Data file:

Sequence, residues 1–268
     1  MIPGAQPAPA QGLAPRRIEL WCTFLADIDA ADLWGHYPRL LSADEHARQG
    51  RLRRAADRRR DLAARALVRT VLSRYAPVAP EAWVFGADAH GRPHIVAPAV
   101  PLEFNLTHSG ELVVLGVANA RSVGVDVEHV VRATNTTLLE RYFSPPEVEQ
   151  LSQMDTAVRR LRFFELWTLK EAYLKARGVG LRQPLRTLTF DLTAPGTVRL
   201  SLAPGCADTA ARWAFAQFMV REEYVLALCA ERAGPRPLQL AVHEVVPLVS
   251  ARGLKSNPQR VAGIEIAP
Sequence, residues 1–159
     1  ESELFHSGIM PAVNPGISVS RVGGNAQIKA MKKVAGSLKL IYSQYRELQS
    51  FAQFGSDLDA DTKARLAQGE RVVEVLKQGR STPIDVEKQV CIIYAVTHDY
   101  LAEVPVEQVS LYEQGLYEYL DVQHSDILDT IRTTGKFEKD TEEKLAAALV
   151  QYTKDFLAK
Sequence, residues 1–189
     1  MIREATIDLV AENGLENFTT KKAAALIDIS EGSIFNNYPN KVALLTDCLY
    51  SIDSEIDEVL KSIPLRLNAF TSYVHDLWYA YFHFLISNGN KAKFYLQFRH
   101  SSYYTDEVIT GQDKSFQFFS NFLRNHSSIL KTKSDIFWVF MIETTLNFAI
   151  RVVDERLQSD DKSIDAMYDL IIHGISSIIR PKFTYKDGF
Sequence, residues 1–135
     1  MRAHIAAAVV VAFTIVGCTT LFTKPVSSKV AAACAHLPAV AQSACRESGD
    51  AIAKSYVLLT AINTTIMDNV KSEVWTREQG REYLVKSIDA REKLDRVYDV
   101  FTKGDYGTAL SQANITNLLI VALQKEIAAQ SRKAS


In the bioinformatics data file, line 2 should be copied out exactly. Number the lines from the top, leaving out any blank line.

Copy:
     1  MIPGAQPAPA QGLAPRRIEL WCTFLADIDA ADLWGHYPRL LSADEHARQG